On Tuesday afternoon, Democratic lawmakers stood on consecrated ground — the foot of the Edmund Pettus Bridge in Selma, Alabama.
The members of Congress weren’t there simply to honor the sacrifices of the late civil rights icon John Lewis and the hundreds of other marchers who braved police tear gas and clubs for the right to vote, as they’ve done in the past. They were gathered to announce the introduction of the John R. Lewis Voting Rights Advancement Act (H. R. 4), transformative legislation that would restore the protections of the Voting Rights Act that Lewis fought so hard to enact as a civil rights activist.
In 2013, the Supreme Court’s infamous Shelby County v. Holder decision invalidated the 1965 law’s Section 5 “preclearance” requirements, which prevented jurisdictions with a history of racial discrimination from changing voting rules without permission from the Justice Department or a federal court. In the ruling gutting the landmark civil rights law, Chief Justice John Roberts waved away concerns of new voting restrictions, claiming that “nearly 50 years later, things have changed dramatically.”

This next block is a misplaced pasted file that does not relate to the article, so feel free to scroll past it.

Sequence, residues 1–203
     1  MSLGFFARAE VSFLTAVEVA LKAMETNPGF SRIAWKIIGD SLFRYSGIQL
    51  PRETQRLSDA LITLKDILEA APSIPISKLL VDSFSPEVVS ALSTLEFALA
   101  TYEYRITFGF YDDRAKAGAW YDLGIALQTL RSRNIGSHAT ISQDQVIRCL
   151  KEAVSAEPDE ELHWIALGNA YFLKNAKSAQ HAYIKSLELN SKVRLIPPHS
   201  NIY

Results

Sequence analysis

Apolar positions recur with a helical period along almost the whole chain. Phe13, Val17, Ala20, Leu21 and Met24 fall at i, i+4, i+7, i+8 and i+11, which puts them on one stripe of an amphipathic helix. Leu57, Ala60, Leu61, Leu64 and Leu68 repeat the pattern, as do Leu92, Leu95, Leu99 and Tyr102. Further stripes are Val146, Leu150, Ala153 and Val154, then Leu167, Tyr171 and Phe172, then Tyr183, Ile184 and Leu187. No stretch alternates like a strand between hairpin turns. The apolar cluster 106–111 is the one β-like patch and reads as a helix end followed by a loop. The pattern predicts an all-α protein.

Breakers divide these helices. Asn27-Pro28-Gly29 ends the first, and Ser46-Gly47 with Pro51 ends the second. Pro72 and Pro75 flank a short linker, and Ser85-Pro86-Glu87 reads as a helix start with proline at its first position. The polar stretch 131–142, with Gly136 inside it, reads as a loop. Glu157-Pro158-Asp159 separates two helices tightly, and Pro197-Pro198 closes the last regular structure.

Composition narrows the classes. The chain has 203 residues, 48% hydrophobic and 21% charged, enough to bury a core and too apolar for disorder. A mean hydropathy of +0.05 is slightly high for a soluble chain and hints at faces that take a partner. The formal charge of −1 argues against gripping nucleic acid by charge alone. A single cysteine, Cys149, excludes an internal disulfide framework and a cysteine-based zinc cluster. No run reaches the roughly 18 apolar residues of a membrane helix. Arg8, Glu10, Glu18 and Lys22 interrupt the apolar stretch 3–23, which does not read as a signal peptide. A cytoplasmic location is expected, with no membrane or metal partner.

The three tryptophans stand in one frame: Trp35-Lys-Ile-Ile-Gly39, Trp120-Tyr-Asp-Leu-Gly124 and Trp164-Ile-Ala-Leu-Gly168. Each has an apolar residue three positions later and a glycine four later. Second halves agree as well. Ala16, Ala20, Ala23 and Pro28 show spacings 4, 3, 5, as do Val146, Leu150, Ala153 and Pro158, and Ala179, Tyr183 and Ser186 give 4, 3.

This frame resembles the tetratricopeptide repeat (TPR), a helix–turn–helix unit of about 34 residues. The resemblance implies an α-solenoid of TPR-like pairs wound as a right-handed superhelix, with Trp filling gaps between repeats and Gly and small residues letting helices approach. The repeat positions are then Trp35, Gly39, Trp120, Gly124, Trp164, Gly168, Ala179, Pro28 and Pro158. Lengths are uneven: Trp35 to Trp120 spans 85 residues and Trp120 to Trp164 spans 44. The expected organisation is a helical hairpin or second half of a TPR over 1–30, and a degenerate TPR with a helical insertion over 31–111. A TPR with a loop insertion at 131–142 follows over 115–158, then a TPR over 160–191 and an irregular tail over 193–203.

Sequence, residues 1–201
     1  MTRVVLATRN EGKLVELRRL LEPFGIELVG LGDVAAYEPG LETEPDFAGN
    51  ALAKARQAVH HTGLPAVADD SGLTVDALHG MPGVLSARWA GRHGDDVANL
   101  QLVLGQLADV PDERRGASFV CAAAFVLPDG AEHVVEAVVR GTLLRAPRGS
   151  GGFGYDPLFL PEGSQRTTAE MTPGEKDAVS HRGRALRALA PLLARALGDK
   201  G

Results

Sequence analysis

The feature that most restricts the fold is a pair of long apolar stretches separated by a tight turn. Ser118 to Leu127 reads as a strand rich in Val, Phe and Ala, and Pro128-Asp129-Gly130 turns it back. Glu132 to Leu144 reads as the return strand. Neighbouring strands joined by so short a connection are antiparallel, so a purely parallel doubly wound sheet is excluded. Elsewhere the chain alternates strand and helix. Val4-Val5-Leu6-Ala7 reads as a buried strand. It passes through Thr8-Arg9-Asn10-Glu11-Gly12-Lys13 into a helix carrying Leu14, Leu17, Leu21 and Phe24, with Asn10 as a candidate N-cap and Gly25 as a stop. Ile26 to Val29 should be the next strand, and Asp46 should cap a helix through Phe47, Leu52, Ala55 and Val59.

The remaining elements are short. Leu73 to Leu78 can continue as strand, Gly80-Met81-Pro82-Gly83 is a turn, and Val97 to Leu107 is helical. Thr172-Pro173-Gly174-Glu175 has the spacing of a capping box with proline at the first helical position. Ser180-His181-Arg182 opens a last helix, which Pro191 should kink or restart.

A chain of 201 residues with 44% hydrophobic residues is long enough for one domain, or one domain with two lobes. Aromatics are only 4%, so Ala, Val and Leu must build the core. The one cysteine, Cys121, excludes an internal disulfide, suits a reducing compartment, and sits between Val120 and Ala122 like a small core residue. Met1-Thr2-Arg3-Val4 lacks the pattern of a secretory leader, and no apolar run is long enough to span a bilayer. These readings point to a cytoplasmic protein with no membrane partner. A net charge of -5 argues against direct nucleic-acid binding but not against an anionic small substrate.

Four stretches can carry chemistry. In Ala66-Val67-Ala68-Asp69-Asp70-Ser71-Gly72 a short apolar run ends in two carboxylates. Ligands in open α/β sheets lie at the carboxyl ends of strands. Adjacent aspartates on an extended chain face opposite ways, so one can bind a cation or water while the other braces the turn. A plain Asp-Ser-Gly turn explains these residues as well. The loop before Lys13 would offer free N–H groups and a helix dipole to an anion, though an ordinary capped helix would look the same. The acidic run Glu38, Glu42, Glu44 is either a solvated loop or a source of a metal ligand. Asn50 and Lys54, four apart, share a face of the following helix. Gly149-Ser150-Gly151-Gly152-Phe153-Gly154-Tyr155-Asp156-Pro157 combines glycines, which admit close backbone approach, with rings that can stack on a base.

Unfortunately, things have changed dramatically — just not how Roberts thought.
The danger of new voting restrictions is no longer theoretical. It’s a grim reality. After record voter turnout in 2020, Republican state legislators around the country have responded by cracking down on the right to vote. Brennan Center research shows that this year, 49 states have introduced over 400 bills with provisions that make it harder to vote, 30 of which have become law in 18 states. Just last month, the Supreme Court’s decision in Brnovich v. Democratic National Committee weakened Section 2 of the Voting Rights Act, degrading citizens’ ability to challenge policies that lead to voting discrimination.
This all paints a bleak picture as the nation’s first redistricting cycle since the Shelby County decision looms, potentially redefining the balance of power in Congress and state legislatures for the next decade.
As my colleague Wendy Weiser told Congress yesterday, the bill named for Lewis is an essential step in turning the tide in this war on voting rights. Restoring preclearance and strengthening Section 2 of the original Voting Rights Act would undo much of the damage from the Brnovich and the Shelby County rulings.
President Biden has placed his full support behind it, and his Justice Department has told Congress that the bill must be passed so that the federal government can properly protect Americans’ voting rights nationwide as the midterms quickly approach. The legislation would provide a desperately needed bulwark against continuing state voter suppression efforts.
Congress must pass the John R. Lewis Voting Rights Advancement Act without delay.